by Dale Blankenship and Cat Sansing

How do you select the best wine for your budget? This question drives people to hunt for reviews and scores from experts, download apps for crowdsourced ratings, or seek recommendations from wine professionals.

Follow the Golden Rule

Here’s the inside scoop: you don’t need a wine score or a sommelier to guide you in selecting best bottle of wine for your budget. No matter if you’re in the retail aisles or perusing the restaurant wine list, you can find a great bottle at any price range. If you know the three magic words: “Location, Location, Location”, you’ll be celebrating like Rocky Balboa every time. The Golden Rule of real estate applies to selecting the best bottle of wine for your budget and can make you feel as though you’re Indiana Jones unearthing a treasure.

Wine is and has been intertwined with mankind’s intellectual pursuits, nation building and woven into the cultural fabric of societies since the beginning of time. All that said, wine at its bottom line is a business that produces a consumer product. Behind the veil of romance is a minefield of economic concerns: weather affecting crop conditions, cost per acre/hectare of land, vineyard management, facilities, equipment, employees, governmental regulations, taxes, distribution and marketing.

Drink the World

No matter where in the world wine grapes are grown and wine is vinified, this pro tip “Location, Location, Location” is the essential clue to understanding the world of wine. Growing grapes is an agricultural industry. Producing wine is a value-added industry for that agricultural product. Not all grape growers produce their own wines and not all wine producers grow their own grapes. There are many growers that also vinify their grapes and producers that grow some grapes and purchase from other growers.

Throughout Dale’s career spanning three decades in the wine distribution industry, he found labels that tie wines geographically as closely as possible to their grape source to be the best indicator of quality vs. price. This closely parallels the concepts of farm-to-table sourcing of foods as a measure of quality. Inspecting a wine label should be like zooming in on a Google Earth map — going from a 30,000 foot view to a bird’s eye view. Don’t get stuck at cruising altitude. Dive in to the details on region or appellation.

General -> -> -> Specific

So how does “Location, Location, Location” apply to a wine label or wine list?  Working within your budget, check off at least 2 of these 3 items from the identifying information for quality selections.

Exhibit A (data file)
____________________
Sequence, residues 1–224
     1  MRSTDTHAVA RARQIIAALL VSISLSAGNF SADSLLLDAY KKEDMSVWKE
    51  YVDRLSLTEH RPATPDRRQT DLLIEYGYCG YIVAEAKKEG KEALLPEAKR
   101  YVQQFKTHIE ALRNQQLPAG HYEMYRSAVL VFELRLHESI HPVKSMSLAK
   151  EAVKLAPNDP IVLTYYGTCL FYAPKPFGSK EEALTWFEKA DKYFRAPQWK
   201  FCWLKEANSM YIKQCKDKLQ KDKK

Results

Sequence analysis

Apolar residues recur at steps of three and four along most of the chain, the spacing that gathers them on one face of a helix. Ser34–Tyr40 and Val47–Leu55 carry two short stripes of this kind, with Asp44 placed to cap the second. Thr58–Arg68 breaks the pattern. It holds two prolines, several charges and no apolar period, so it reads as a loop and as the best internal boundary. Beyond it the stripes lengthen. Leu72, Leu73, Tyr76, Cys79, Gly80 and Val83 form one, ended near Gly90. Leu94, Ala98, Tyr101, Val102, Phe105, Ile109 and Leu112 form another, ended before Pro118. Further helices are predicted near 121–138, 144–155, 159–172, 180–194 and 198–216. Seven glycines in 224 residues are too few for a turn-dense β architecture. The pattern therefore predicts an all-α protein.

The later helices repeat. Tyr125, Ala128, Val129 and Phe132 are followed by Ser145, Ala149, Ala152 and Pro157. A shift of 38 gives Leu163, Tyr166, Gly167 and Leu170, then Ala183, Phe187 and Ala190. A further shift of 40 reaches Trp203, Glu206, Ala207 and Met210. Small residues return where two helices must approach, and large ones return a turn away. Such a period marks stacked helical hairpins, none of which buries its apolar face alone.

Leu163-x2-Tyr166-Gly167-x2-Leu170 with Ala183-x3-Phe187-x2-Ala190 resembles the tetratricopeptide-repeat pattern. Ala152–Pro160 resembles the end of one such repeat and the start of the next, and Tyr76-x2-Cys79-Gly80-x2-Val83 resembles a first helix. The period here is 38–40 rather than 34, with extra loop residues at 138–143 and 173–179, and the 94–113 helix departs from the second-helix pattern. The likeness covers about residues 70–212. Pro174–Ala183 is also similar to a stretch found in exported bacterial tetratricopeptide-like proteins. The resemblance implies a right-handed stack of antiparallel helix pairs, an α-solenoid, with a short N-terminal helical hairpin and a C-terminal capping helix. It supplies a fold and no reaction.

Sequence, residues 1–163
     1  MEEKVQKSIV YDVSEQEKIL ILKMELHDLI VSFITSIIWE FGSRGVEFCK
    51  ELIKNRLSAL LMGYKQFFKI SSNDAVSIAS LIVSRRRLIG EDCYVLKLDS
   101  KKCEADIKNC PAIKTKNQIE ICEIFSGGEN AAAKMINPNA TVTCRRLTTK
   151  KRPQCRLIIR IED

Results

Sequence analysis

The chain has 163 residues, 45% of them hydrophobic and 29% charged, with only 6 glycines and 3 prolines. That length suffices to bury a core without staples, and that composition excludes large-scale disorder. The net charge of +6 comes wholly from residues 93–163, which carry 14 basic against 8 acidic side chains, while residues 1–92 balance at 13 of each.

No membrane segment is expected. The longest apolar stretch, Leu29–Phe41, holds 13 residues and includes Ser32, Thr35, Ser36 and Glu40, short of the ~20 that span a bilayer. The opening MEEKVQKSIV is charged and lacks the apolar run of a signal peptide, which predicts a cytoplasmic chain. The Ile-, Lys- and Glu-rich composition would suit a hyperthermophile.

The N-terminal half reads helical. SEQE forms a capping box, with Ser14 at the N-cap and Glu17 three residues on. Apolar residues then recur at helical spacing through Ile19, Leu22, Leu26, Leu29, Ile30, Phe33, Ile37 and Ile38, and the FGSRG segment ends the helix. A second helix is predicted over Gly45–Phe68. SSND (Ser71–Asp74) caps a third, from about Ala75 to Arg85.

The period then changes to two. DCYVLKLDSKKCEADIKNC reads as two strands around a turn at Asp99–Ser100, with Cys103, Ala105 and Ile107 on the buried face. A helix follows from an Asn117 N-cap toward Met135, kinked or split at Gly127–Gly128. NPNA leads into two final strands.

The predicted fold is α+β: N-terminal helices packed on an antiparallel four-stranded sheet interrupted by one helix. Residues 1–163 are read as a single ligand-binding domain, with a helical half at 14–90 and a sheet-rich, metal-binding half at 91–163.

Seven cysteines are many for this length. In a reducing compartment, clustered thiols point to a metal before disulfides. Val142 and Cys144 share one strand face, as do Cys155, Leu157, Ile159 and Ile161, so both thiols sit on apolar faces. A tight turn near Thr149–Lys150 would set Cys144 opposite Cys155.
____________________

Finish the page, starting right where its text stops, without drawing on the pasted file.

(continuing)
• Location 1) Region/Appellation:
    USA: AVA (American Viticultural Area)
    European Union countries (France, Italy, Spain, Germany, Portugal): classification of Quality Wines Produced in Specified Regions (QWpsr) or Table Wine; regions shown as AC or AOC in France, DOC or DOCG in Italy and Spain, QmP in Germany
    South America (Mexico, Argentina, Chile): similar to USA with wine growing regions
  • Location 2) Sub-appellation (Ex: Rutherford, Alexander Valley, Haut-Médoc or Châteauneuf-du-Pape)
  • Location 3) Estate, Chateau or Bodega bottled and/or named vineyard.
The more specific the information on the wine label, the more TLC that goes into making the wine — no matter what part of the wine growing world from which it originates. (Graphic: Umami.Life)

Vino Listophobia

You may often see unfamiliar wineries or labels on wine lists. Fear not! These are usually small production boutique wineries that represent some of the best examples of their varieties. Having tasted wines from across the globe, we follow these guidelines ourselves when selecting a bottle from a wine list.

Umami Wine List
The same rules of “Location, Location, Location” apply when selecting wine from a restaurant wine list. Look for the wine varietal or style that best complements your dish selection, then look for the wine with the location information that is the most specific within your budget. (Graphic: Umami.Life)

Animals & Economics: Don’t Judge a Bottle by Its Label

In most cases, avoid wine labels with critters and pretty pictures on them. This is usually a peacocking distraction from a wine that might not be well made. Try to avoid wines with origins showing just the name of the country or state on them. These are typically large volume wine processes that involve extra chemistry to produce. (Headache time for sensitive individuals!) In the U.S., there are exceptions in which a producer may use grapes from two separate growing regions, but regulations require that this wine be labeled by the state designation. In this case, most conscientious producers will give more specifics as to the grape source on the back label.

Price point is not necessarily a determining factor in quality. It’s possible to find well made wines at very low prices for a number of reasons only known to industry insiders. Wine distribution can be a cutthroat business. However, in the United States, the industry generally considers the premium wine category to begin at $9 retail. Fine wine generally begins at around $15 retail. On-premise (restaurant) pricing is far different from the price you see in the wine aisles. Don’t complain to the restaurant staff if the wine you drink and like at home is 3 to 4 times the price on their wine list. The economics of restaurants necessitate a different pricing strategy.

While searching for that Goldilocks bottle to pair with an entree selection, a bottle of bubbles is a great beginning. Sparkling wine or Champagne pairs with everything!

Our motto: “All the best bottles of wine reflect a taste of time, place and passion”

No matter the reason or season, “Location, Location, Location” will guide you to your best wine adventure. Welcome to this timeless journey!

Note: Dale Blankenship, Co-Founder of Umami.Life and Pro Wine Guide, has experience covering three decades in the U.S. wine distribution industry.